Sunday, April 28, 2013
The Blackwater Lightship by Colm Toibin
Reviewer: Alan Chin
Publisher: Scribner (2001)
Set in Ireland during the early 1990s, Declan is dying of AIDS. With the help of two gay companions, he leaves the hospital to spend a few days at the seaside home of his grandmother. There, at the crumbling place of his youth, his sister Helen, his mother Lily, and his grandmother Dora gather after a decade of estrangement. The three women had no idea Declan was gay, let alone terminally ill with AIDS. Once they recover from the shock, their primary goal becomes caring for Declan, who had always been the binding force in this dysfunctional family.
Like six castaways on a desert island, from different generations and with clashing beliefs and lifestyles, they are forced to face their own dark histories in order to deal with each other to achieve the common goal of keeping Declan alive and comfortable.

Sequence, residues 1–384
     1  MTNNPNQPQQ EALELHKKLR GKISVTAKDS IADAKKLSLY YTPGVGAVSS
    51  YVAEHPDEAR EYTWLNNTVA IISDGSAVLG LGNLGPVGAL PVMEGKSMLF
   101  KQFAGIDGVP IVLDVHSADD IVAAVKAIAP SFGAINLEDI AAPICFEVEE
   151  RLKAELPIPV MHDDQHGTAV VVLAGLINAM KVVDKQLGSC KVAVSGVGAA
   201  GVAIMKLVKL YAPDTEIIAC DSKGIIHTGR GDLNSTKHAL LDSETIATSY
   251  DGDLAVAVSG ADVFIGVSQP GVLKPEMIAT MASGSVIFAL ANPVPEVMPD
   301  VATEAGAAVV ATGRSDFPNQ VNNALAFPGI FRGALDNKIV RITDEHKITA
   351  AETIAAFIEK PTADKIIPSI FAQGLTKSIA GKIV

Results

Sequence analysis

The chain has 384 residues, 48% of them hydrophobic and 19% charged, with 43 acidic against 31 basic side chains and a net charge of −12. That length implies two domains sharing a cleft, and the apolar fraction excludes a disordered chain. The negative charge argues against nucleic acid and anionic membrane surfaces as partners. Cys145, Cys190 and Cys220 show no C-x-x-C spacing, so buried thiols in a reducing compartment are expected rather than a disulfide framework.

The Blackwater Lightship is predominately a story of three generations of iron-willed women from a divided family who reunite to help each other face a tragic situation. It is beautifully told in luminous prose, and with all the tenderness and insight that readers have come to expect from this superlative storyteller. Toibin takes the reader deep into the hearts of a family at war with itself in order to explore the nature of love. It is an emotional study of people grappling with the love and resentments that bind them, and ultimately it is a story of hope, showing love (or perhaps tragedy) has the capacity to heal the deepest wounds.
This is a tragic and moving journey, not for the faint of heart. It is, however, a destination well worth the effort. It moves slowly for the first half of the book, and then builds in intensity until I couldn’t put it down. It is not simply a wonderful story; it is a literary achievement.